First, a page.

The Return of "Normal" Behavior

February 15, 2018

For the first time in almost 2 years, the stock market demonstrated a small sell-off over the last week. We have been proactive over the past 6 months to remind all our clients that it is NOT normal for the market to go up every month of the year. In fact, 2017 turned out to be the first year ever recorded in the U.S. market where the value went up each month.  With such a recent run-up in stocks, what might normal volatility feel like in 2018?

Large numbers don't mean large %'s.
Now that the Dow is priced in the upper 20,000's, it is important to realize that a 500-600 point move does not mean what it used to. Many of us have been investing for long enough that we grew accustom to a 500-600 point move meant a 5-8% loss (like back in the 2008 recession when the Dow was between 6,700 and 10,000.)  From an investment perspective, last Friday's Dow selloff of 665 points represents a loss of just over 2% for those 30 stocks.

Repricing a new paradigm is a volatile process.
The implications of the new tax law on future corporate earnings are vast.  The price that investors are willing to pay for stocks today is a multiple of future earnings. Wall Street understands that corporations will have noticeably higher after tax profits with the new law, but analysts' jobs of calculating exactly what earnings will become is a near impossible task.

It will become clearer what earnings will grow to in time, but the stock market is trying to make educated guesses now, and price stocks today based on these guesses. As new considerations become known for various industry groups, earnings assumptions will change. At this moment, stock prices reflect much of the positive implications from the tax law. However, we should expect that any surprises should cause normal short term volatility.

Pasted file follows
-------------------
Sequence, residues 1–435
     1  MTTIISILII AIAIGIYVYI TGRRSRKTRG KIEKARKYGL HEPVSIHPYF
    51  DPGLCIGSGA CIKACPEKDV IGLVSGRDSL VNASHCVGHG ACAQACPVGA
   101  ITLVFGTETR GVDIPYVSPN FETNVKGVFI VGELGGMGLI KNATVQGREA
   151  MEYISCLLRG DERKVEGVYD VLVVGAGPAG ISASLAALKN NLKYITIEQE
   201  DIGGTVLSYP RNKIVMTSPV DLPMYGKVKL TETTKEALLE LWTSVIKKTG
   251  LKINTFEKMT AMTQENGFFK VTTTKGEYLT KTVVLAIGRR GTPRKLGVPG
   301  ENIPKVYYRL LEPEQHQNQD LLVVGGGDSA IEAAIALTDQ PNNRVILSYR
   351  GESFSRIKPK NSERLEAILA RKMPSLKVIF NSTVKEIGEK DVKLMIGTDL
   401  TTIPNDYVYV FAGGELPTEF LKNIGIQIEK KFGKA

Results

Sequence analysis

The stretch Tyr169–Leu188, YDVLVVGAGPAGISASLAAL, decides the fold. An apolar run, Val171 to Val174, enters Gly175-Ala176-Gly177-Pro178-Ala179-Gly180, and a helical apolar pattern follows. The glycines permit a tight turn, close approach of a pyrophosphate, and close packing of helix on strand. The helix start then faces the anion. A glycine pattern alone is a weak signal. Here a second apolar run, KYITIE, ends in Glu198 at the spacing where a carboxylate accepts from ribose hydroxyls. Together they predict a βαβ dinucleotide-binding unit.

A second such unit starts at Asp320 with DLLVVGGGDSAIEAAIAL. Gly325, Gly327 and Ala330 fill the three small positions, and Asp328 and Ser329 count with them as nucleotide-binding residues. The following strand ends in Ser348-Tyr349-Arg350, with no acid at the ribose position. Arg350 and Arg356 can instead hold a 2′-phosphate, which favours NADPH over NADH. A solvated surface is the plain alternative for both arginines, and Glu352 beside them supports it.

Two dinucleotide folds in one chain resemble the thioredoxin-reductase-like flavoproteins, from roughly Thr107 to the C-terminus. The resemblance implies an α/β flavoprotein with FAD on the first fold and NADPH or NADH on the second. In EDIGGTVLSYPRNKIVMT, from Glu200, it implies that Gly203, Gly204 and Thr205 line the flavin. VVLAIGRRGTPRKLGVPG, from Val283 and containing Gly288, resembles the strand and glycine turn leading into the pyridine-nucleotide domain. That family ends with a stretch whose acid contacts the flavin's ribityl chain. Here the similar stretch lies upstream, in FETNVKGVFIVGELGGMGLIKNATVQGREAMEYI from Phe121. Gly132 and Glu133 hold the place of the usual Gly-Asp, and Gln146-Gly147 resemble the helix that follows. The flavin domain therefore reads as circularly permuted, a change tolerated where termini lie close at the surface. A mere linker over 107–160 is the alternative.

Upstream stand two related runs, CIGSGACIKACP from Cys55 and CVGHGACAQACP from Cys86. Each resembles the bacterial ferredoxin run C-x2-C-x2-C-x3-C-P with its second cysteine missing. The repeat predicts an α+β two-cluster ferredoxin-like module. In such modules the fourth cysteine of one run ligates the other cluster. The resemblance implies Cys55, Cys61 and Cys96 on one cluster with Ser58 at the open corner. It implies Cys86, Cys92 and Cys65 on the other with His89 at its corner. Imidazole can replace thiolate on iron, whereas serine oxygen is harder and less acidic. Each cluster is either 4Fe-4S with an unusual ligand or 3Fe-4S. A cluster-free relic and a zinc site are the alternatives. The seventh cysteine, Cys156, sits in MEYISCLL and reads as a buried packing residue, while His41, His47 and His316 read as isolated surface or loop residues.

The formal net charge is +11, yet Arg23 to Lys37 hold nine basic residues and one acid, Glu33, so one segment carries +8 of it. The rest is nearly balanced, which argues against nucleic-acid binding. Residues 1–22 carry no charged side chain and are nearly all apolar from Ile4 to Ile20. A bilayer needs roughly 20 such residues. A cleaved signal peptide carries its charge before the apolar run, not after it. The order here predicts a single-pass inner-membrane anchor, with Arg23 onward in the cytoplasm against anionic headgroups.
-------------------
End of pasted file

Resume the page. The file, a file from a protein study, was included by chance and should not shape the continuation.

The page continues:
Expect media to make it scary.
One other characteristic about volatility to expect is that media tends to drive fear. The media business is about obtaining viewership. As such, remember that news outlets often over-sensationalize normal volatility to get more viewers. Tenured long-term investors tend to be more immune to this, but there are currently a large population of investors in 2018 that don't have the experience gained from managing regular stock market volatility for the past 2 decades. With a stock market that has been steadily climbing for 8.5 years, not everyone remembers how the media works when we get short term market sell-offs.

BOTTOM LINE:  Market volatility is a normal part of investing.  29 of the past 38 years have been positive for the US stock market, despite the fact that the average intra-year price drop is -13.8%*.  It's important to stay focused on your long term investment goals and trust your investment management process when volatility picks up.

 

Regards,

Lyn

 

 

 

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